Expert Insight, Breaking News, and Insider Stories on Real Estate in Paris
Falling prices in Lille’s periphery lead to property bargains, while central real estate thrives
Lille’s city center continues to fare well thanks to Parisians and rental investors, while falling property prices everywhere else allow buyers to dictate the rules.
The Lillois real estate market has generally suffered from the housing slump, with the number of transactions stagnating in the metropolis. The capital of the Nord-Pas de Calais region has seen its real estate prices falling slightly but steadily since 2012. On the outskirts, buyers are spoiled for choice.
As in many other French cities, prices gaps are widening between geographic areas considered to be “safe bets” and other more peripheral district. Sales manager at Immo de France, Micaël Neusy explains that “Lille is a collection of micro-markets, some of which have remained dynamic while others stagnate.
In the city center and especially in the Old Lille, demand remains strong and prestigious apartments in eighteenth and nineteenth century buildings continue to sell at high prices. Parisians are also increasingly seen prospecting in the northern French city, particularly in the area surrounding the Lille-Europe station, linking the city to Paris in only an hour. Lille is also at the heart of the Paris-London-Brussels triangle, with the Eurostar to the British capital taking an hour and twenty minutes and Brussels a mere forty minute train ride away.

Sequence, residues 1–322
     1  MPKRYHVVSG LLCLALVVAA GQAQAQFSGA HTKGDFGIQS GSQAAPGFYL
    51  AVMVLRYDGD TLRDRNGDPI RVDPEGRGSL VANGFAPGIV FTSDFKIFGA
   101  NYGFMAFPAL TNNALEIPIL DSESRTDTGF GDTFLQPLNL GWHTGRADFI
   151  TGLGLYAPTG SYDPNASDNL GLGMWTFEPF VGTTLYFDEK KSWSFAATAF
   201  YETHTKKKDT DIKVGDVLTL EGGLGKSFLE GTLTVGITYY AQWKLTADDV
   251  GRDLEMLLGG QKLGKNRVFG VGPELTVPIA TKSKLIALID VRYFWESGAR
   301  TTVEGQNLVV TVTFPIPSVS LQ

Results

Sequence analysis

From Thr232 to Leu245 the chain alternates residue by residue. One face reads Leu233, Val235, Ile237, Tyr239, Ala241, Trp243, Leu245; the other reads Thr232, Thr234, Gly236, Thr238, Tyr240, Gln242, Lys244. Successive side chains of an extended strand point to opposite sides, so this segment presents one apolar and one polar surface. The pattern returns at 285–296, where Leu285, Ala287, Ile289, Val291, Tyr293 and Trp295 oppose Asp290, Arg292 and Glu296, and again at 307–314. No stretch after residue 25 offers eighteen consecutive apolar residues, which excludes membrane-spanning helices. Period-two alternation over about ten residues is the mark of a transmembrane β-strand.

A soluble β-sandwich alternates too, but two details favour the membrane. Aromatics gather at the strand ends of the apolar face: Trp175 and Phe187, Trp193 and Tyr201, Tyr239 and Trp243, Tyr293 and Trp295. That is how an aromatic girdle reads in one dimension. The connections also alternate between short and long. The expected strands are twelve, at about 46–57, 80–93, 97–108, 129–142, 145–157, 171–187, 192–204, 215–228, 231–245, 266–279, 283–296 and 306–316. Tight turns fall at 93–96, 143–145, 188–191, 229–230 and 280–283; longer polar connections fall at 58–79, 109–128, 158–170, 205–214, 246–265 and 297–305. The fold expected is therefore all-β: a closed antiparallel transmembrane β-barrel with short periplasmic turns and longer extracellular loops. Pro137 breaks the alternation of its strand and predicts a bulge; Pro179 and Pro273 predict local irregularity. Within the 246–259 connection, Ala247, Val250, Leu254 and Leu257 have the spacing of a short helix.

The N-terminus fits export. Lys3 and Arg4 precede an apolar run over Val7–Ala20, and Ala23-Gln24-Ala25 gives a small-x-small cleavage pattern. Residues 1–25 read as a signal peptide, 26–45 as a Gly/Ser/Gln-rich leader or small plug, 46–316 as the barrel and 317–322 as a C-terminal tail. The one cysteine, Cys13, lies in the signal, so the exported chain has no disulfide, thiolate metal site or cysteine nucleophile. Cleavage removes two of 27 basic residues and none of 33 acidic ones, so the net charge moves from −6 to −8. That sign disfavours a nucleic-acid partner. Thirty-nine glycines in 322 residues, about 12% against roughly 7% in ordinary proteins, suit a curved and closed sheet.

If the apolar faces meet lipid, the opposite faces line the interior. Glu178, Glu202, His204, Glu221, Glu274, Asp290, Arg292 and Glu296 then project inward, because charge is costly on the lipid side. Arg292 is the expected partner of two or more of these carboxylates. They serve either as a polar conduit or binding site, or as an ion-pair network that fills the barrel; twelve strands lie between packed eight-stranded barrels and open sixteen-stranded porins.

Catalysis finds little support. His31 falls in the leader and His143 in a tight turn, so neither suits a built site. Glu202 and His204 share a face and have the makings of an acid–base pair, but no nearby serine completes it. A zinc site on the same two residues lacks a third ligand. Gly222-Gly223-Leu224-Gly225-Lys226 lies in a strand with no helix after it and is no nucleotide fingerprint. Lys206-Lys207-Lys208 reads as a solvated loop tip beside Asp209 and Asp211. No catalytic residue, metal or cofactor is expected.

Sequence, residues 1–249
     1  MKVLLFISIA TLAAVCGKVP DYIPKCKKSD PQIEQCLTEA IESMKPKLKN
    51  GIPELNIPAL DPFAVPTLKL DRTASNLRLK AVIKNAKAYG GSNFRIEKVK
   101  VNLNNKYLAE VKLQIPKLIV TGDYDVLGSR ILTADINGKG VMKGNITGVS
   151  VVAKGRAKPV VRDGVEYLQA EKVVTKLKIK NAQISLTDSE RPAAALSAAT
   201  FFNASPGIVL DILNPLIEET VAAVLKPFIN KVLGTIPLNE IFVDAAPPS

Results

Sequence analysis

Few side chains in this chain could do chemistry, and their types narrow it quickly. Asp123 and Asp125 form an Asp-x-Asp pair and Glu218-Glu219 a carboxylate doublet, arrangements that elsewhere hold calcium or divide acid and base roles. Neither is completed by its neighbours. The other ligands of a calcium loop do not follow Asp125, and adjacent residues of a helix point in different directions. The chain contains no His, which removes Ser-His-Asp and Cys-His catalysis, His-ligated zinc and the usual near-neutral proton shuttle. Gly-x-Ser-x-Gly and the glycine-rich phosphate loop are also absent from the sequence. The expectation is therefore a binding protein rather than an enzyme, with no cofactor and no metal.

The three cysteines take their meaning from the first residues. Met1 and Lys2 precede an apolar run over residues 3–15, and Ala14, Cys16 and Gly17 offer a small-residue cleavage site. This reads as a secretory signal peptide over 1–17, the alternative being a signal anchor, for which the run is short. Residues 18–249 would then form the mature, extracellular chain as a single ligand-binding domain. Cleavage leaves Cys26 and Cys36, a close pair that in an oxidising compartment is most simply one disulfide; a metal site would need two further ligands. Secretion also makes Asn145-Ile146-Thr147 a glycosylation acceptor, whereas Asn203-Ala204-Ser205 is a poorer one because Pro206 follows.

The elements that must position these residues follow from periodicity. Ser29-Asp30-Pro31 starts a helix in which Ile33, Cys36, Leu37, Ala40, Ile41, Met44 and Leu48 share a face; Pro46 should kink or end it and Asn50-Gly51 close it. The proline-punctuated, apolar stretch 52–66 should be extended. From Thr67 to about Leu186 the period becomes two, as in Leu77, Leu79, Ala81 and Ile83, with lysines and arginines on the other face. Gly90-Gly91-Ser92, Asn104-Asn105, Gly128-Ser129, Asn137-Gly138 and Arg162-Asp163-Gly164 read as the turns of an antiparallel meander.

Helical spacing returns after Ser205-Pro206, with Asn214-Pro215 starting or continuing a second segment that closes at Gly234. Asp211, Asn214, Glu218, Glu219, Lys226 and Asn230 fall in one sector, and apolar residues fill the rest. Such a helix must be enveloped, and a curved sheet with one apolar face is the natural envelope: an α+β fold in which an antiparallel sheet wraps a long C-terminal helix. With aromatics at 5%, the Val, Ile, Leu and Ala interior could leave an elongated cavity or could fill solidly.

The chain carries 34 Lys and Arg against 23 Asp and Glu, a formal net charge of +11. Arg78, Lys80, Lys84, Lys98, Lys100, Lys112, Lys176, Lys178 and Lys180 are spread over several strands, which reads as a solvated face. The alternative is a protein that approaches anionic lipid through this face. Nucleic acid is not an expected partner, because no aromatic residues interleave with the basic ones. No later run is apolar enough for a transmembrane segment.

Rental investors are still active in the city center. They mainly purchase small surfaces near the city’s many university campuses. In Lille, half of all rental property is occupied by the metropolis’ 30,000 students. House-sharing is also increasingly popular, affording landlords rental incomes that are 14% higher on average than for traditional rental properties.
Where the new build sector is concerned, Lille recently ranked as the cheapest metropolis in France. The average price for a new three-bedroom home is 203,000 euros, or 20,000 euros cheaper than in September 2014. However, small surfaces — whether new builds or not — continue to price highly, with a new two-bed costing 157,000 euros on average.
Capital.fr features a detailed real estate map of Lille, showing price variations from area to area.
Photo credit: Wikipedia / Velvet